2017 Valedictorians and Salutatorians Are ‘Academic Stars’

Yerin Yang ’17  will deliver the valedictory address to the Class of 2017.

Four valedictorians and four salutatorians from the Class of 2017 have been named.

Valedictorians for the 2017 graduating class are Brian Chen ’17, Yerin Yang ’17, Zhecheng Yao ’17, and Ran Zhuo ’17. All four will march to the Dartmouth Green at the head of the Class of 2017, be recognized from the podium, and be afforded all the honors and privileges of their achievement.

A selection committee representing the dean of the faculty and the dean of the college selected Yang to deliver the valedictory address to the College at commencement.

All four valedictorians, as well as salutatorians Daniel Lee ’17, Daniel Magoon ’17, Olivia Powell ’17, and Yichen Zhang ’17, have all been named Rufus Choate Scholars, a Dartmouth honor for students in the top 5 percent of their class.

“These valedictorians and salutatorians are the Class of 2017’s academic stars,” says Dean of the College Rebecca Biron. “Their interests and aspirations represent the breadth of what Dartmouth’s liberal arts education can offer. The entire Dartmouth community should be incredibly proud of them.”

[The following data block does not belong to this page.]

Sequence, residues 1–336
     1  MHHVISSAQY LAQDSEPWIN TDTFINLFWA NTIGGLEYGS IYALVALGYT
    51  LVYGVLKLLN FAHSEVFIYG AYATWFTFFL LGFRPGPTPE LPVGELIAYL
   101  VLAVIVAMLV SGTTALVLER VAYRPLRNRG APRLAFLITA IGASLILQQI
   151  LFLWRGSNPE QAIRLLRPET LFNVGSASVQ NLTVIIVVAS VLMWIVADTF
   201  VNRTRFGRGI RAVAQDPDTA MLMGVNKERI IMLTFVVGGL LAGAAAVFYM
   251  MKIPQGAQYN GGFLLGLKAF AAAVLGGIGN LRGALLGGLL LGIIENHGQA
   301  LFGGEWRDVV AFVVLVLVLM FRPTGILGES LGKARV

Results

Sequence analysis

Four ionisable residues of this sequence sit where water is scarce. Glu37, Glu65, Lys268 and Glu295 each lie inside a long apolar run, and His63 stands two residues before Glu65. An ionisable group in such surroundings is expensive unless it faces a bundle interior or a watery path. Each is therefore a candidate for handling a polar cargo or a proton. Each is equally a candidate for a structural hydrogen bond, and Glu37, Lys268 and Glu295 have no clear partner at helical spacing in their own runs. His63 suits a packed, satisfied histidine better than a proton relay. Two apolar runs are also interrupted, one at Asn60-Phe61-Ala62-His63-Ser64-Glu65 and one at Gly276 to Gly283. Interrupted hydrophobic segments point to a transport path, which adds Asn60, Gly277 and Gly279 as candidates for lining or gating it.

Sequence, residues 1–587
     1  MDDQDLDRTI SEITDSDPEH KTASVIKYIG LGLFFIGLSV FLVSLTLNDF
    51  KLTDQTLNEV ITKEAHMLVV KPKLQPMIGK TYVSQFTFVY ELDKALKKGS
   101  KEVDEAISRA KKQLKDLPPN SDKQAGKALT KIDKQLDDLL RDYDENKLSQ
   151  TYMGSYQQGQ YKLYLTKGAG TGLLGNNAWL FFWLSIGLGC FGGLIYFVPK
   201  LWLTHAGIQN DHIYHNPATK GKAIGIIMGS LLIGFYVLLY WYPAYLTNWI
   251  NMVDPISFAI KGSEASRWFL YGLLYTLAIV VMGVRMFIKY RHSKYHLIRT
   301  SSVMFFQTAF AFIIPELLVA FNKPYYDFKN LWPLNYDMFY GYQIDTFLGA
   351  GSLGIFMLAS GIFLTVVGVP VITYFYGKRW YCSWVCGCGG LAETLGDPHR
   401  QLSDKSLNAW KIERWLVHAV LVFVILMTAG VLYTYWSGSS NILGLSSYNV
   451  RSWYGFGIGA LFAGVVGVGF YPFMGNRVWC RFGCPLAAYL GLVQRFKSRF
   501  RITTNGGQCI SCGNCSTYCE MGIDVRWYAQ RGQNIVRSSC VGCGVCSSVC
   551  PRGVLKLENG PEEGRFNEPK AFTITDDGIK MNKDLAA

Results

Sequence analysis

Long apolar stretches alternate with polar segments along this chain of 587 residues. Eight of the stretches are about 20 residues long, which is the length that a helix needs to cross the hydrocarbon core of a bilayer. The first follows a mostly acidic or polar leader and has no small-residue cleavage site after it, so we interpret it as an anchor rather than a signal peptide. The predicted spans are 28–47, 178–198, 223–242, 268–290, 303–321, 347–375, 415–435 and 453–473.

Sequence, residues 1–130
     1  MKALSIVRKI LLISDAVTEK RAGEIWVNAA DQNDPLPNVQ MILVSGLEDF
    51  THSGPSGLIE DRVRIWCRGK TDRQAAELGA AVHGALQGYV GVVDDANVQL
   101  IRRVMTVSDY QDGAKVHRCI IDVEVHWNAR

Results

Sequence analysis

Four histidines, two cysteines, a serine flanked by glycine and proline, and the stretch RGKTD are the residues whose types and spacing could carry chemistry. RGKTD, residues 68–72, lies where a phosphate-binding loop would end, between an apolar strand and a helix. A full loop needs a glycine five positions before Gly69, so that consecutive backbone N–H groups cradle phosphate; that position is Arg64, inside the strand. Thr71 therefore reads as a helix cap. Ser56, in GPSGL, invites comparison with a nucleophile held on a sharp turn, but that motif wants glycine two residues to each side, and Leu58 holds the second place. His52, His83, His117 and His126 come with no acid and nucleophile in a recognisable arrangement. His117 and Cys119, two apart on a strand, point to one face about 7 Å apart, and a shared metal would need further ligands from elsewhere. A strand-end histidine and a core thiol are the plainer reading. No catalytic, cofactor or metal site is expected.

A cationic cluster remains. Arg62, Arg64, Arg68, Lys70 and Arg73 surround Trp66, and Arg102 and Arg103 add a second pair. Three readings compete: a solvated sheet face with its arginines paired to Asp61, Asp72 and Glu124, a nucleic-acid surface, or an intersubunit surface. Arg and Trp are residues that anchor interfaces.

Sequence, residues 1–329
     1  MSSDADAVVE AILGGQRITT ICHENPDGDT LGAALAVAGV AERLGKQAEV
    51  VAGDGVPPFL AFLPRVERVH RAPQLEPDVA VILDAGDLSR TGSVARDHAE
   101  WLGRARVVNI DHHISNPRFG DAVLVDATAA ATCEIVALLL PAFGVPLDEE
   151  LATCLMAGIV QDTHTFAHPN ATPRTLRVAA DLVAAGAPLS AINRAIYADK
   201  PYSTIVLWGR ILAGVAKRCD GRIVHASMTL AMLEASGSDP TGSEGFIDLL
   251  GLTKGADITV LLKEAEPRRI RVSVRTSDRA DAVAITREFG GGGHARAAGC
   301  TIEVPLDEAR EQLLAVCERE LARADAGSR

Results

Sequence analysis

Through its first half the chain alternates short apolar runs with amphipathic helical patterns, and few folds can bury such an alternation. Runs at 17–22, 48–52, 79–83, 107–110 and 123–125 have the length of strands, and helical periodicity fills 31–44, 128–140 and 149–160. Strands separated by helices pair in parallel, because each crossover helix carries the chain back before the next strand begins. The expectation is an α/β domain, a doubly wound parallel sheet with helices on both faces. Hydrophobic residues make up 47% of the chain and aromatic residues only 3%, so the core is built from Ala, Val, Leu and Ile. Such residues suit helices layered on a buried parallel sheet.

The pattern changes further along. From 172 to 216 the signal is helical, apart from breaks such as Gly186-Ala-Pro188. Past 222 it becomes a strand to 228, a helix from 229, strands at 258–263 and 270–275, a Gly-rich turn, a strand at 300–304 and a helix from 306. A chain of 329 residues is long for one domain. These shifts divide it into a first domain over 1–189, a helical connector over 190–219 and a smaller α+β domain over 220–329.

Valedictorians
 

Brian Chen ’17

Hometown: New Hyde Park, N.Y.

Major: Economics

Post-graduate plans: Apply to law school, with the goal of one day being a law professor

“I was premed for two years, but I was increasingly drawn to law after taking a class with Professor Fischel in the econ department on land-use economics. It’s a seemingly mundane field, but the geographic location of economic activities is really important. There’s a lot of new scholarship coming out that says that restrictive zoning affects the labor market and mobility to the extent that it has an implication as to whether the United States is actually an optimal currency area. So these are some pretty profound implications in something that is so seemingly simple. I think that entire area is fascinating because has all these enormous but underappreciated impacts. It brings together law, economics, and politics.”

Yerin Yang ’17

Hometown: Seoul, South Korea

Major: Psychology and government

Post-graduate plans: A gap year, then graduate study in political psychology